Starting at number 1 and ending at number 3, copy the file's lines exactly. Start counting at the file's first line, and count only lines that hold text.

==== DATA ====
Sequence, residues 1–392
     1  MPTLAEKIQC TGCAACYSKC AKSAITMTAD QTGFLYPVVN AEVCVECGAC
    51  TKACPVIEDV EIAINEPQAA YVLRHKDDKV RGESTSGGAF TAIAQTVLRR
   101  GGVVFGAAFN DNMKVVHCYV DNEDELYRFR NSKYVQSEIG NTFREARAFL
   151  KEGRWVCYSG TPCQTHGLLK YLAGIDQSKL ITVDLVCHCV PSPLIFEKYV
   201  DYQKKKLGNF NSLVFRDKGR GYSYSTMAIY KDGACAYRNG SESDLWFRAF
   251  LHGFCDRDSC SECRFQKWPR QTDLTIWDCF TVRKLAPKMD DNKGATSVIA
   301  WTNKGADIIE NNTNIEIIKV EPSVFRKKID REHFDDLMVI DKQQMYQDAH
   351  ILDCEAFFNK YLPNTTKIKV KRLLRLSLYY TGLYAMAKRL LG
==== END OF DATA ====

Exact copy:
Sequence, residues 1–392
     1  MPTLAEKIQC TGCAACYSKC AKSAITMTAD QTGFLYPVVN AEVCVECGAC
    51  TKACPVIEDV EIAINEPQAA YVLRHKDDKV RGESTSGGAF TAIAQTVLRR